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WeAreSC Roundtable

“What do you see as the key match-up for the Trojans this week against Texas?”

Garry Paskwietz

As much as I’m loving the momentum of the USC run game right now I actually think this is a game where Sam Darnold and the passing game can take center stage. The Texas defense is still a work-in-progress but the strength is in the front seven while the secondary has seen their share of problems. Holton Hill has been opportunistic at corner with a pair of pick-six interceptions but overall this is a group that would appear vulnerable to Deontay Burnett, Steven Mitchell and company, along with Ronald Jones and Stephen Carr sneaking out of the backfield, or a tight end down the seam.

Johnny Curren

The Texas rushing attack vs. the USC defense. I’m going to assume that the Trojans offense is going to pick up where it left off last weekend, so I think the key is going to be whether or not USC’s defense can keep Texas’ offense at bay. To do that, the Trojans are going to need to stifle a Longhorns ground attack that racked up over 400 yards last weekend. Chris Warren III rushed for 166 yards and two touchdowns on just 16 carries against San Jose State, and Kyle Porter compiled 72 yards and one touchdown on 16 carries. It was their production that really made all the difference in the world for the Longhorns. So, can USC’s defense repeat what they accomplished against Stanford? Will Clancy Pendergast’s group, once again, play a brand of defense marked by physicality? If the answer to those two questions is ‘yes’, then the Trojans should win handily.

Greg Katz

One of the intriguing questions is whether the Trojans offensive line was that good last Saturday or was the Stanford defensive line not as formidable as past Cardinal lines? You could argue it was a combination of both, so a key match-up to me is the battle this weekend between the Texas defensive front and the Trojans O-line. Texas does have talent and is physical, but the Trojans’ offensive line gave indications that it, too, has become a physical group. One could also argue that an equal key to the game is the Texas O-line and the Trojans’ defensive front 7. That one could be interesting considering that Texas first-year head coach Tom Herman is a former OC for Urban Meyer at Ohio State, and the Longhorns’ offense is a sideline-to-sideline attack. The Texas offense will certainly test the Trojans front 7 with both the run and the pass. So, in summation, the key to Saturday’s big game will be the battle of the offensive and defensive fronts of both clubs, and the winners will have a huge say in the final outcome.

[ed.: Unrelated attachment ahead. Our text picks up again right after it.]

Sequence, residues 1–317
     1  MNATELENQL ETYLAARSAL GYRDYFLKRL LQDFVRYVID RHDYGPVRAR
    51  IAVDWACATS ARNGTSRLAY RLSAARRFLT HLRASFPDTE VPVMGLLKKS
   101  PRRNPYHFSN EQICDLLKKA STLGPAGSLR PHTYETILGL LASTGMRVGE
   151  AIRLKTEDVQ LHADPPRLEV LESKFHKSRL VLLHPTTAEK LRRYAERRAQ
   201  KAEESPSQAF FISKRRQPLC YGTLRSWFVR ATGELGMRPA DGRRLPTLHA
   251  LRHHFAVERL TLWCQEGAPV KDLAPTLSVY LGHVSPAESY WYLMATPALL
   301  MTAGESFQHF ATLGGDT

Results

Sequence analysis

This long awaited game between USC and Texas finally gave me a reason to watch the Longhorn Network which I’ve avoided for years. The key match-up to me is USC’s Offensive Line Vs. Texas’ Defensive Line . . . in particular, Center Nico Falah vs. Nose Tackle Poona Ford. Excluding the mis-match game against San Jose State, the Texas defensive line struggled against the Maryland running game which racked up 263 yards. SC will experience similar success if Nico Falah can control Ford who plays the key nose tackle position in the Texas 3 – 4 base defensive scheme. The Trojan offensive line as a whole will also need to know where rush linebacker Malik Jefferson is at all times, as well.

Kevin Bruce

I’m interested to see 1) O-line + RBs running the ball similar to the Stanford game. My guess is Texas will commit on 1st down to between the tackle run-stopping with safeties and maybe a special package. So can we inflict are will…again? 2) I want to see how we attack the LOS on defense and with which personnel. Situationally 1st and 2nd down look and then see the 3rd down call 3) Texas will run some Wildcat which we haven’t seen this year…will we prepared? Will we prepared for the inevitable Wildcat play fake pass downfield pass play that will follow from Jerrod? 4) Will we try a FG? Will we have to try a FG??  5) Sam’s game is coming up in my view.